There are six components to the Moroccan judicial system. The majority of legal matters fall within the jurisdiction of Regional Tribunals, which decide cases of personal property damages. Such judgments, excluding minor offenses punishable by a small fine, may be appealed to the Court of Appeals. The Court of Appeals also has a separate civil and criminal division. Despite previous announcements, the new Commerce Law, passed on May 18, 1996, did not establish special commercial courts. Courts of First Instance adjudicate crimes punishable by up to five years imprisonment and civil, personal status, or commercial cases. Monetary judgments of small amounts are not subject to appeal.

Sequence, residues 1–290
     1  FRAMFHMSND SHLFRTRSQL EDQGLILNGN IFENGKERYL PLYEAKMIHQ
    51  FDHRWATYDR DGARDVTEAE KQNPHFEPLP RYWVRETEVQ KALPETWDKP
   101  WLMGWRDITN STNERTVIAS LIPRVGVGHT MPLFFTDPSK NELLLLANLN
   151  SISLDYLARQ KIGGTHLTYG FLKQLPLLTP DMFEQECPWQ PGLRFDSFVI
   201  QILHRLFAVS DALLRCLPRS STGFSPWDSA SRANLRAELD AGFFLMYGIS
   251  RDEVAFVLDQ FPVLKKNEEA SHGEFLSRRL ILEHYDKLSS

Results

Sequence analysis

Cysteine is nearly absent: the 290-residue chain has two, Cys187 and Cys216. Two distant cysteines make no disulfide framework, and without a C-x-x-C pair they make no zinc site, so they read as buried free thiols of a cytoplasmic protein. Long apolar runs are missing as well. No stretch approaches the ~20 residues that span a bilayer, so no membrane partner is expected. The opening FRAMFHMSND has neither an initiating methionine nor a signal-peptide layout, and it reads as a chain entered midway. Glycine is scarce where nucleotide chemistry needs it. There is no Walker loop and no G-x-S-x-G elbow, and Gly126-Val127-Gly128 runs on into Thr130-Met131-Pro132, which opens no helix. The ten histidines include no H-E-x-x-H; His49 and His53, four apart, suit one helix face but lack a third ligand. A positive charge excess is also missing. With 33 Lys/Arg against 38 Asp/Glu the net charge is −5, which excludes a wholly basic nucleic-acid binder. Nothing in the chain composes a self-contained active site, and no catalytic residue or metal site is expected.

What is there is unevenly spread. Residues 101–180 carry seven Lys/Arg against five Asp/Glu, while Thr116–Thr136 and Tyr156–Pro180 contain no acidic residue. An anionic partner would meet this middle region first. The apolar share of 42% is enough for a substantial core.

The decisions of all courts and tribunals may be reviewed by the Supreme Court. There is also the High Court of Justice that has jurisdiction over criminal and felonious matters allegedly committed by government officials. In addition, there are specialized Labor Tribunals which settle disputes by means of conciliation